Hamza El Din, the celebrated Nubian musician whose rich fusion of Arabic and Nubian sounds entranced audiences worldwide and inspired colleagues like the Grateful Dead and Kronos Quartet, died Monday, May 22nd, at a Berkeley hospital from a gallbladder infection. He was 76.
A longtime Oakland resident, Mr. El Din was a subtle master of the oud, the Arabic precursor of the lute, and the tar, the single-skinned drum that originated in Nubia, the ancient upper Nile land that was largely submerged after the Aswan Dam was built in the 1960s. Mr. El Din sought to preserve his native culture, singing Nubian songs and stories in a warm, reedy voice that merged with his instrumental overtones to create music of quiet intensity and beauty.

"It was mesmerizing. Hypnotic and trancelike,'' said Grateful Dead drummer Mickey Hart. "Hamza taught me about the romancing of the drum. His music was very subtle and multilayered.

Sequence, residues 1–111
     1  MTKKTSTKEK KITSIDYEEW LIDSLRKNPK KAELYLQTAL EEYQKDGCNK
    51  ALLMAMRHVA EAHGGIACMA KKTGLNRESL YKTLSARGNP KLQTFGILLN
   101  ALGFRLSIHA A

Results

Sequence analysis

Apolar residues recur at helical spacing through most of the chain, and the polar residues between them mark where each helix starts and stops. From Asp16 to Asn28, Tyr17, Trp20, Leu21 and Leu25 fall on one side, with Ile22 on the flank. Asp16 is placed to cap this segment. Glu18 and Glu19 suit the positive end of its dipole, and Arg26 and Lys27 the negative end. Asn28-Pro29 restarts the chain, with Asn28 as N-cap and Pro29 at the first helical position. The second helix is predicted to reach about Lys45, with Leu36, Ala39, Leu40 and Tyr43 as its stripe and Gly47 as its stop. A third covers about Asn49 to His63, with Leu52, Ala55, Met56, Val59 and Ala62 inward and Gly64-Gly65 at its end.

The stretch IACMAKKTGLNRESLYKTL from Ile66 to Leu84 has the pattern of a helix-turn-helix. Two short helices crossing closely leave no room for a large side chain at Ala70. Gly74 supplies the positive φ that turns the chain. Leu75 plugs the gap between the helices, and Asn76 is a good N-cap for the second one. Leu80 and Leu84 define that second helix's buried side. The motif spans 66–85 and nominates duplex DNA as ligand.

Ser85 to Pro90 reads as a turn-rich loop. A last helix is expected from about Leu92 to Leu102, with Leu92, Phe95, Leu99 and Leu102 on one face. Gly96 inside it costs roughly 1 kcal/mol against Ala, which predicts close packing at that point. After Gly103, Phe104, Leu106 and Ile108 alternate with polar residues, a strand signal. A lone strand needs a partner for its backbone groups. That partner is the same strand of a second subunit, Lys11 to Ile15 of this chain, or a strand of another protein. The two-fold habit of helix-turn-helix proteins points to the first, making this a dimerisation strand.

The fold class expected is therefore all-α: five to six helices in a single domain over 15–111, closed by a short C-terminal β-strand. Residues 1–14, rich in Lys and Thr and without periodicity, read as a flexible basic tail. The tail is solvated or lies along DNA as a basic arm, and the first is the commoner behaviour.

"He was a deep listener,'' added Hart, who practiced daily for six years to master the tar Mr. El Din gave him. Sometimes the music they played together was so soft "we could hardly hear ourselves. He'd just suck you into this vortex, and all of a sudden what was quiet seemed loud in its intensity. He suspended time.''

Mr. El Din, who created music for "The Black Stallion" and other films, first played with the Dead in '78 at Egypt's Great Pyramid of Giza and joined the band a few months later at San Francisco's Winterland with a group of Sufi drummers. He was a serenely joyous man whose glowing black face was framed by his flowing white garb and headdress.

"He was sweet, gentle soul,'' said Hart, who recalled that night at Winterland when Mr. El Din had the whole crowd clapping the 12-beat rhythm of the Nubian number "Olin Arageed.'' "If you took the time to visit his sonic universe, he'd welcome you with open arms. It was a joyous experience. Jerry (Garcia) just loved to play with him.''

So did Joan Jeanrenaud, the cellist who first met Mr. El Din in the 1980s when she was a member of the Kronos Quartet. It was in Tokyo, where he was living and teaching at the time. He played his signature composition "Escalay: The Water Wheel'' for the group. "It was a heart-touching experience,'' said Jeanrenaud, who played with Mr. El Din many times, as a member of Kronos -- which featured "Escalay'' on its hit 1992 recording "Pieces of Africa'' -- on Mr. El Din's discs and on her own.